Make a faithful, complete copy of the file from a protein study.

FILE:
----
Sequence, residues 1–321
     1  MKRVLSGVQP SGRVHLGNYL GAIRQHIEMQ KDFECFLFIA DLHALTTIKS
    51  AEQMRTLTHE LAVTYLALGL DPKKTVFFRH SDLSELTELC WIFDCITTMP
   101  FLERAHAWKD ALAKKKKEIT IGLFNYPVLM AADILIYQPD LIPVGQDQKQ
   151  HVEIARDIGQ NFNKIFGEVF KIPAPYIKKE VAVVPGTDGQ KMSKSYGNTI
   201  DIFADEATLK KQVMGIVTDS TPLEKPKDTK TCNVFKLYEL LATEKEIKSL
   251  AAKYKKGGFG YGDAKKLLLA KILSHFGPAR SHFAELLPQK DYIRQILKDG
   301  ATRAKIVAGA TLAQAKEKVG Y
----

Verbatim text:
Sequence, residues 1–321
     1  MKRVLSGVQP SGRVHLGNYL GAIRQHIEMQ KDFECFLFIA DLHALTTIKS
    51  AEQMRTLTHE LAVTYLALGL DPKKTVFFRH SDLSELTELC WIFDCITTMP
   101  FLERAHAWKD ALAKKKKEIT IGLFNYPVLM AADILIYQPD LIPVGQDQKQ
   151  HVEIARDIGQ NFNKIFGEVF KIPAPYIKKE VAVVPGTDGQ KMSKSYGNTI
   201  DIFADEATLK KQVMGIVTDS TPLEKPKDTK TCNVFKLYEL LATEKEIKSL
   251  AAKYKKGGFG YGDAKKLLLA KILSHFGPAR SHFAELLPQK DYIRQILKDG
   301  ATRAKIVAGA TLAQAKEKVG Y